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Discussion > Video GamesJun 26, 2024 8:00 am CT

What’s the best way for games to handle expansions?

Last week Elden Ring released its first expansion Shadow of the Erdtree to glowing reviews — although there are apparently some framerate issues on PC that hopefully will be addressed quickly. Most impressively for a modern game it’s just an expansion: no season pass with content released at intervals, no extra in-game cosmetics in a “deluxe” version (although for $10 more you do get a Digital Artbook and Soundtrack for use outside the game) just a simple expansion that requires a base game like in the elden days.

Contrast that all the criticism Atlus is receiving for its “Expansion Pass” for Persona 3 Reload. No actual new content for the six months after it went on sale, just two small bundles of optional in-game cosmetics. When September comes around players will finally get to play Episode Aigis/The Answer but until then the reviews on Steam are ludicrously negative — of course it must be noted that to review a game there you have to buy it, so I’m sure Atlus is crying into their bundles of money. But for a company that already gets complaints for its tendency to release “day one DLC” it’s not a good look. It’s funny: they could’ve just released everything at once in September for the same price (or more!) and players would likely have been content. Instead by collecting early and delivering late they’re hurting their reputation in a completely avoidable way.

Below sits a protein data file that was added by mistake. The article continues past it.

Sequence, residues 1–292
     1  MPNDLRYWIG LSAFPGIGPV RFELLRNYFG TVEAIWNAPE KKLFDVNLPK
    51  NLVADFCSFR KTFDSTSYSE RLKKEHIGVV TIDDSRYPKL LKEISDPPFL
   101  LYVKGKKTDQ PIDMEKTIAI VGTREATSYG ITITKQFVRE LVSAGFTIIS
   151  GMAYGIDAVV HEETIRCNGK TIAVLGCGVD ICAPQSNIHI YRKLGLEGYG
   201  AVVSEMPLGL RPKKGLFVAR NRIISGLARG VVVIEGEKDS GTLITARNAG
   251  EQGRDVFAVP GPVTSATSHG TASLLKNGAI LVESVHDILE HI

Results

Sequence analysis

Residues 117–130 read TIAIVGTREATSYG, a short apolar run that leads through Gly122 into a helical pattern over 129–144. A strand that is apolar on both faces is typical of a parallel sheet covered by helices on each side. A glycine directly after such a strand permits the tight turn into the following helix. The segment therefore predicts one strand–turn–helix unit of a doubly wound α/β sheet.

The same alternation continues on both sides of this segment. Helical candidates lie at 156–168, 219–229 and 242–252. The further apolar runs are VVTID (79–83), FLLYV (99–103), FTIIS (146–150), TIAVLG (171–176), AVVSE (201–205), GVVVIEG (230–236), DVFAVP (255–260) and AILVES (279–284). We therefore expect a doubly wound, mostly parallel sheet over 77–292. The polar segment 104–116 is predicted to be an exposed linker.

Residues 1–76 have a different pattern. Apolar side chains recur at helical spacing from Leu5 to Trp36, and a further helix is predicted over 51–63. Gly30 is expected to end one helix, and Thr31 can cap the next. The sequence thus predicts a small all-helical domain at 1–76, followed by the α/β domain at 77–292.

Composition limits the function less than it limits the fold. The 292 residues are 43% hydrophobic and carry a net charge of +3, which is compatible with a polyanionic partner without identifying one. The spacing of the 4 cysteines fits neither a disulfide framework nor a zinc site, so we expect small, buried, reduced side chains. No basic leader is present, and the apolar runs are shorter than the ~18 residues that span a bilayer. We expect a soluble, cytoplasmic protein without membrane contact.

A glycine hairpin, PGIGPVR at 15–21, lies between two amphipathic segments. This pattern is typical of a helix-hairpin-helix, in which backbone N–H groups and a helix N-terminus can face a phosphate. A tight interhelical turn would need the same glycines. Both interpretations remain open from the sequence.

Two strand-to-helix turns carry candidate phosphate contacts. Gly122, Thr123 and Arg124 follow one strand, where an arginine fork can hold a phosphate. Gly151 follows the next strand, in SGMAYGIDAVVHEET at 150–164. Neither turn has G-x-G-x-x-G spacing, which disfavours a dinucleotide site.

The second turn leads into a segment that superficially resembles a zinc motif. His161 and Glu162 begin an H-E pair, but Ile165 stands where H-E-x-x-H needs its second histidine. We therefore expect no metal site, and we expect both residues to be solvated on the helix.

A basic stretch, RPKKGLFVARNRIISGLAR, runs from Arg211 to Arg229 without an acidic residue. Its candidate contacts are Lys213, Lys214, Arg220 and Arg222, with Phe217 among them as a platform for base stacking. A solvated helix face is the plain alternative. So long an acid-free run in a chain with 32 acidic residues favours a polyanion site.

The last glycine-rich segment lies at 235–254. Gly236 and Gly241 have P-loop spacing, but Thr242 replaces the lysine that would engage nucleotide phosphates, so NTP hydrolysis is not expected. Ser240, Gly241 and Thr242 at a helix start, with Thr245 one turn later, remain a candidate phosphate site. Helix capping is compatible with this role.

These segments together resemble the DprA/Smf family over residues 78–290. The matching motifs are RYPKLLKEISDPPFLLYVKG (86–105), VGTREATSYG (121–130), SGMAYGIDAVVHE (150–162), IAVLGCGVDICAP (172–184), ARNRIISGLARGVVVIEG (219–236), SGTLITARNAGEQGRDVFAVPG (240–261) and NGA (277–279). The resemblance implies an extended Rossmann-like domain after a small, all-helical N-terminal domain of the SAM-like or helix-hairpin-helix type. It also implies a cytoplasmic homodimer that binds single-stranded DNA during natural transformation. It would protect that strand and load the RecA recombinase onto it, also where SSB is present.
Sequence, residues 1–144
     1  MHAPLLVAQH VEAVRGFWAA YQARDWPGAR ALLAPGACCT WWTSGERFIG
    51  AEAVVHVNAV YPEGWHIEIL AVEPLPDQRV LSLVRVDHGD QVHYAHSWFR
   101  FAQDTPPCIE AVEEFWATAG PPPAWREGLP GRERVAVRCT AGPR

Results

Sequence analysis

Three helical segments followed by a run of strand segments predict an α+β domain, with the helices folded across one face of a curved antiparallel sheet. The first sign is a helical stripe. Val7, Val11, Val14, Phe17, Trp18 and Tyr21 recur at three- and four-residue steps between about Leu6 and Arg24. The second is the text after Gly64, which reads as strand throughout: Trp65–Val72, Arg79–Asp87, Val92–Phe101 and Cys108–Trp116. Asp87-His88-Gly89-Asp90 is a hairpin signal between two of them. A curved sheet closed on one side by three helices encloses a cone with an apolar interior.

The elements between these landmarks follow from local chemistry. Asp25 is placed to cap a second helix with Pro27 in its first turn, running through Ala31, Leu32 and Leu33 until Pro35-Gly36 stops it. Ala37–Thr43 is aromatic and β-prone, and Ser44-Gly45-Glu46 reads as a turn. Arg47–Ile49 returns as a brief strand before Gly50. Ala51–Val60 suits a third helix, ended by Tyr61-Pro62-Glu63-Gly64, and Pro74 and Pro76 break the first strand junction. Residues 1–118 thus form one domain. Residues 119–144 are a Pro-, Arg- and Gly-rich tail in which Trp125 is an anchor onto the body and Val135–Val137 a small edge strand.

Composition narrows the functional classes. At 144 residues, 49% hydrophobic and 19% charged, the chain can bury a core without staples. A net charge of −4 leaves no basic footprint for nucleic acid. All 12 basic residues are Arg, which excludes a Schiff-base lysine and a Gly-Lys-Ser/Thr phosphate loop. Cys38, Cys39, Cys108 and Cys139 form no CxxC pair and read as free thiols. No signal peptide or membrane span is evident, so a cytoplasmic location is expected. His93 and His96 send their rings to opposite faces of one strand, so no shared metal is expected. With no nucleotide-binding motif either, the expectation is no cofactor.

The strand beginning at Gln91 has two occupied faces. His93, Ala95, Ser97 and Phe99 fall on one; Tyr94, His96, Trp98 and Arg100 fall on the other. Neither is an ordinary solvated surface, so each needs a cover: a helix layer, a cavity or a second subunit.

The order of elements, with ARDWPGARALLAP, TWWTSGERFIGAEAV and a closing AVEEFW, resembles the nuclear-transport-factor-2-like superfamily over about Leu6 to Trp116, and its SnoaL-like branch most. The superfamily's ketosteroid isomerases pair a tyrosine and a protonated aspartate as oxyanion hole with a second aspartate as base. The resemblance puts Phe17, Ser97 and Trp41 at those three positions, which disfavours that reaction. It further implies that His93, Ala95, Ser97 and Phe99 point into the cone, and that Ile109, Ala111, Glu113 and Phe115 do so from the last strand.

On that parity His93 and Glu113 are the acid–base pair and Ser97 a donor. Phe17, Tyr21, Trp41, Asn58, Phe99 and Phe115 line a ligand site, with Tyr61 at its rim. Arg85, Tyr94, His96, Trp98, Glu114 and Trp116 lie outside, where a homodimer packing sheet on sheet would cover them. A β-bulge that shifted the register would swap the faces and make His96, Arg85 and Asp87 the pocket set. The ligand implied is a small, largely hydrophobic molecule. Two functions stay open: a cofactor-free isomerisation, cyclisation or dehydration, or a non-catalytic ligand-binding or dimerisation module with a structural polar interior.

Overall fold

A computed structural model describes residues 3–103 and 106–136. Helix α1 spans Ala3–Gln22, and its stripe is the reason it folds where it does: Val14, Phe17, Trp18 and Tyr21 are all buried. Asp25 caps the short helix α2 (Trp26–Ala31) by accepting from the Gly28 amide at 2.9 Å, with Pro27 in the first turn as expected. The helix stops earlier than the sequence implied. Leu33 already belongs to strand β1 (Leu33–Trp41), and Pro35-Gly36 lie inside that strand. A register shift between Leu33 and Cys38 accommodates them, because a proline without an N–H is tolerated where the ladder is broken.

That said, I don’t want to completely condemn content-based (as opposed to purely cosmetic) Season/Expansion Passes. Sure, some companies use them in a negative way, but I felt Civilization 6‘s New Frontier Pass was a perfect use of the concept. By dividing up a normal expansion’s worth of content into semi-monthly updates — alternating with free updates for all players — Civ 6 came up with an intelligent way of keeping players engaged while still delivering desired content. Sure they collected the money upfront instead of waiting for the expansion to be finished like Atlus is doing, but at least real content was being provided in the interim, and it was definitely better than their initial DLC plan of pay-per-Civ which was hastily abandoned due to criticsm.

What do you prefer? Do you like simple expansions that arrive with the full promised content, or do you like regular updates over the course of a pass? What other games do you feel did a good job with their expansion pass implementations, and which ones do you feel failed?

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